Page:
There are some things you need to know before you file for bankruptcy.

Although bankruptcy filings can be the best option for debt relief in some cases, they are not always the best. Before you decide whether to file bankruptcy, make sure to resolve your debts. 

Consult with an attorney to determine if bankruptcy is a feasible option. Each option has its advantages and disadvantages. Only an attorney can help you determine the best course.

Credit Counseling 

Contact a non-profit credit counselor to get help. Free counseling may be offered by churches, charities, or government agencies. This is a free service that will examine your finances and offer you options for reducing debt.

Debt Management 

Next, contact a non-profit credit counseling agency that can help develop a strategy for managing your debt. The strategy could include a list of debts that you must pay first and how your income will repay them. You can meet with debt managers to establish goals and create a strategy or use online resources. 

A repayment pecking system, which emphasizes repaying high-interest loans first and making minimum payments on all other obligations, could be part of the strategy. It can take up to five years for debt management programs to be completed.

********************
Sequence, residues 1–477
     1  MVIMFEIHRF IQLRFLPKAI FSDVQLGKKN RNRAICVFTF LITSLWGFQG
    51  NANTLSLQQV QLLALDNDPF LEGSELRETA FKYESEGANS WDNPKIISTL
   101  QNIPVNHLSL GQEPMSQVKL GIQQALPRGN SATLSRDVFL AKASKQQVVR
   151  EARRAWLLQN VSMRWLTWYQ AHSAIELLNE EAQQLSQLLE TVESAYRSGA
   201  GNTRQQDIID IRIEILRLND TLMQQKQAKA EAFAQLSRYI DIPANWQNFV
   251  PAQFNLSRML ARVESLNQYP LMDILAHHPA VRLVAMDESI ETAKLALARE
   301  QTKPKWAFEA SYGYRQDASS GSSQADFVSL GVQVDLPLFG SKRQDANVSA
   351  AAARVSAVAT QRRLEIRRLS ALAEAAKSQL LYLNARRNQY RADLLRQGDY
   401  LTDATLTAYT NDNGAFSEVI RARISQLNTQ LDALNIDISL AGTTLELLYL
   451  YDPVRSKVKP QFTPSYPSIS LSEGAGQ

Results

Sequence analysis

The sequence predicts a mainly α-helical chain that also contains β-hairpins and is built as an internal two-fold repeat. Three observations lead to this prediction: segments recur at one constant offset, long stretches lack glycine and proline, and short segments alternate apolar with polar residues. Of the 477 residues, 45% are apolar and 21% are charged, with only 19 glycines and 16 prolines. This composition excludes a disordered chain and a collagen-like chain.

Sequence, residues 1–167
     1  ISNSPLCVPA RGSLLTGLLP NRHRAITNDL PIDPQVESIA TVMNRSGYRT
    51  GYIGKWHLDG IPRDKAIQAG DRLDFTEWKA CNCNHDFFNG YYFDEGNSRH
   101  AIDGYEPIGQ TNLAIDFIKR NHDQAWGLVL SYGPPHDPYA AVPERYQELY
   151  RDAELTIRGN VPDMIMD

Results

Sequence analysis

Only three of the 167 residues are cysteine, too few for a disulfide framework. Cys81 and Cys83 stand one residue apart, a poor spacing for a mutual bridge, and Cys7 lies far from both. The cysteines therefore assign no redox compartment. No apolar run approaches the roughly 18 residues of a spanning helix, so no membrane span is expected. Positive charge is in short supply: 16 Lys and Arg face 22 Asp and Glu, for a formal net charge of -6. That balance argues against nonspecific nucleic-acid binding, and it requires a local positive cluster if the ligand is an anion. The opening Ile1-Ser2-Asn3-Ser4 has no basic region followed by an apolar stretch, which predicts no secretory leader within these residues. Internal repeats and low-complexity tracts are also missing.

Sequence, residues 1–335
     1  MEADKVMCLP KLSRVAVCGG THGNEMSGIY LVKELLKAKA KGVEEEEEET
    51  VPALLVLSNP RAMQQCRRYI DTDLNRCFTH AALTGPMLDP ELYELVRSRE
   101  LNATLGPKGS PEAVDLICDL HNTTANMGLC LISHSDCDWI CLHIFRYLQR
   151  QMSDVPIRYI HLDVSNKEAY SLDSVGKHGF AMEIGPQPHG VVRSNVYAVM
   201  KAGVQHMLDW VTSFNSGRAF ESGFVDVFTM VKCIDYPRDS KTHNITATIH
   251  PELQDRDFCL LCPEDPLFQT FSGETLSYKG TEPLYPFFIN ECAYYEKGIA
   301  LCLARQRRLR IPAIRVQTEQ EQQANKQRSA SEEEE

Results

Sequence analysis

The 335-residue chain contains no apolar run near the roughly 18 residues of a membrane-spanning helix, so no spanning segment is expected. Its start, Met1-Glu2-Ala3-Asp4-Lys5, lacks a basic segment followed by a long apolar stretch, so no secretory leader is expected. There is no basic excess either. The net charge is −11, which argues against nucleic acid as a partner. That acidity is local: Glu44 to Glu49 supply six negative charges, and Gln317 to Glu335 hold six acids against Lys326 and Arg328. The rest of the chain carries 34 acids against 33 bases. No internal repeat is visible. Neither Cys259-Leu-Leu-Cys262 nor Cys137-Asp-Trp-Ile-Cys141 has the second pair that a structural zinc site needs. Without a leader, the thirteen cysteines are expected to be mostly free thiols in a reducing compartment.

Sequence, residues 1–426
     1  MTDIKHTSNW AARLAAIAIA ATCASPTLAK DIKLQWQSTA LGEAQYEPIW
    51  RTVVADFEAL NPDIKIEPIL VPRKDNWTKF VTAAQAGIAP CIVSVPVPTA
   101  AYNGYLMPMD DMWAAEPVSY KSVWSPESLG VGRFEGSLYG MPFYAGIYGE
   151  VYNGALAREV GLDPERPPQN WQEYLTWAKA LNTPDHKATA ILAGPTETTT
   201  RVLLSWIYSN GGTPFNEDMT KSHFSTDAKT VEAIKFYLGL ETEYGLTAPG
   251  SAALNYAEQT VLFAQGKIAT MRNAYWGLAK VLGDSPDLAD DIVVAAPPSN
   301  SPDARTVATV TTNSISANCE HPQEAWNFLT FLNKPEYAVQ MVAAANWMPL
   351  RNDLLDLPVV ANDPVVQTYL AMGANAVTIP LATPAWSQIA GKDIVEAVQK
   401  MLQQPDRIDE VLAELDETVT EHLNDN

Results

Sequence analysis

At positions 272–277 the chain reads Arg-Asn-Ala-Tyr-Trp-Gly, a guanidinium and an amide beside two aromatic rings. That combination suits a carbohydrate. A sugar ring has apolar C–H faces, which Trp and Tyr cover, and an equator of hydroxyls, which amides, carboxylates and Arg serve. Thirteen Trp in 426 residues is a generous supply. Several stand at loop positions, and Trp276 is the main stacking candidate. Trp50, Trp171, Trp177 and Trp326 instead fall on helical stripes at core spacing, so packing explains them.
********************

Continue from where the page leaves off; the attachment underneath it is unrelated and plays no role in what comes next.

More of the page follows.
Consolidating Debt

Some companies will work with your creditors to establish a debt consolidation program. A debt consolidator can help you make one monthly payment to settle your credit card debts.

Debt Settlement 

A non-profit debt settlement company negotiates to lower your debt in exchange for a reasonable repayment plan. This is the final step in resolving your debt problems and avoiding bankruptcy. 

Although it is not a foolproof process, creditors might be willing to accept lower payments if there is a chance they can recoup some of their debt.